THis isn’t news but I just recently gave EnterpriseDB a spin.

If imitation is the sincerest form of flattery, Larry Ellison’s giant ego will be getting even bigger.

EnterpriseDB bills itself as an Oracle compatible database. It is PostgeSQL with a PL/SQL and SQLPLUS layer on top of it. Most Oracle PL/SQL apps and scripts are said run on it.
The focus is on the app side. The administration is still largely PostgreSQL though some of the Oracle DBA views are replicated.

With Oracle giving away low end versions, Express and StandardOne, I don’t see a lot of incentive for the Oracle compatibility. PostgreSQL on its own has enough merit that this is still worthwhile though. Some Oracle compatibility is just a bit of icing perhaps.


One Response to EnterpriseDB

  1. LewisC says:


    Just a note on the incentive. EnterpriseDB adds integrated enterprise functionality to postgres as part of the package, i.e. support, administrative tools, reporting, etc. Those are things you can get for postgres but you have to find them, test them for compatibility, find support, etc.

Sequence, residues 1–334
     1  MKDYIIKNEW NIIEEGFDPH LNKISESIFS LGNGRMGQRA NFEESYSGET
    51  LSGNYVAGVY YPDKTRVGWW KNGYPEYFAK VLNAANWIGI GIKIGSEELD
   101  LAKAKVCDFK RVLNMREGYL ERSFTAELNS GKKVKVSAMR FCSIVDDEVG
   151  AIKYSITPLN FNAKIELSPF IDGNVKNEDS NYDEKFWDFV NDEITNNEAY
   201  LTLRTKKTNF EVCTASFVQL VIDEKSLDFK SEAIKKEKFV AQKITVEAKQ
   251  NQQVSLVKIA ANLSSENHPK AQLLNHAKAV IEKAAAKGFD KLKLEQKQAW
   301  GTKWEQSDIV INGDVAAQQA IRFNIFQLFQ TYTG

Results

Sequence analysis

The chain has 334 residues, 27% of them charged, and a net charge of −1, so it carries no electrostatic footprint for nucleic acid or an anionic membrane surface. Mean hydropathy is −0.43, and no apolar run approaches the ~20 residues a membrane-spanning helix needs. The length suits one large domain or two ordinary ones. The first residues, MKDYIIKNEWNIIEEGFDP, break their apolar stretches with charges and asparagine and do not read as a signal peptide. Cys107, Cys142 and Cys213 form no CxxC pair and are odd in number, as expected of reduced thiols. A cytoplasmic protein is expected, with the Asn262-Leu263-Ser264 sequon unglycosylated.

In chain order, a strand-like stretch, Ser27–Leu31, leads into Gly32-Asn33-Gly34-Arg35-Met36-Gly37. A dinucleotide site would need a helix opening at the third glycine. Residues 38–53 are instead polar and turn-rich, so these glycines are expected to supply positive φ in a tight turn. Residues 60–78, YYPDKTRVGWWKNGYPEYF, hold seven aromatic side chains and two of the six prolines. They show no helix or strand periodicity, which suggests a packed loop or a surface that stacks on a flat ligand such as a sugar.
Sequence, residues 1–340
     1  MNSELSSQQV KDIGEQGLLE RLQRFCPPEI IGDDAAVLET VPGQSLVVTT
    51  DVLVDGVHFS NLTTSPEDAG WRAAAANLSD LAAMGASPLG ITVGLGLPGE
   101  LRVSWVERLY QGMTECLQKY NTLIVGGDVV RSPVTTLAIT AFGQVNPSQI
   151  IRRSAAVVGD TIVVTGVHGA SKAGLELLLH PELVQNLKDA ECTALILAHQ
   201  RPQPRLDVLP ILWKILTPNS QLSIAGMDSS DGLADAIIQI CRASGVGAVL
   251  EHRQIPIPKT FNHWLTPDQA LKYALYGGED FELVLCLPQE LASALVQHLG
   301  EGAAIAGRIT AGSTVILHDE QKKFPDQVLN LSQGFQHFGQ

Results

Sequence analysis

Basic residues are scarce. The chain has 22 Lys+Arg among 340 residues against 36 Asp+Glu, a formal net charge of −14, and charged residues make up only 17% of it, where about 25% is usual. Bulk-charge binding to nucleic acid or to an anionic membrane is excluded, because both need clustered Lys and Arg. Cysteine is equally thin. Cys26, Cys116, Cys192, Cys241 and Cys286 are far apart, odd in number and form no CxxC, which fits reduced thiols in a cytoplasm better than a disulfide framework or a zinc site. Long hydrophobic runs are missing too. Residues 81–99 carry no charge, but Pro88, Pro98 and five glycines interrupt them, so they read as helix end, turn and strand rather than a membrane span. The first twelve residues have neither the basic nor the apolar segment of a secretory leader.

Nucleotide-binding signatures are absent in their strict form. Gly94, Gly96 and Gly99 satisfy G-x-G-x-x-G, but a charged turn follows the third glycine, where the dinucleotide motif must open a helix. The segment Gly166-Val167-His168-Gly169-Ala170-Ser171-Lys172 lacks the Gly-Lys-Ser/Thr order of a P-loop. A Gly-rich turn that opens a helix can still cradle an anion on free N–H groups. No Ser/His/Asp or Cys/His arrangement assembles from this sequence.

The other selling point versus oracle express or standard edition is that with those products, when you want to scale, you need to pay more in licensing fees (not just for more CPUs but for more functionality like partitioning). With EnterpriseDB, you scale as needed. The base product has partitioning and other scaling functionality.

    Of course, the downside is that you don’t have data guard or RAC should you need those. The SQL and PL/SQL is not yet 100% compatible (and probably never will be).

    I have found postgres, and hence EnterpriseDB, administration to be fairly simple if you are already familiar with administrating other enterprise class databases (like Oracle or DB2). You have a redo log, recovery is mostly automatic, a backup is a backup, you optimize memory and buffer caches, you set database parameters, configure security. The specifics are different but the concepts are all the same.



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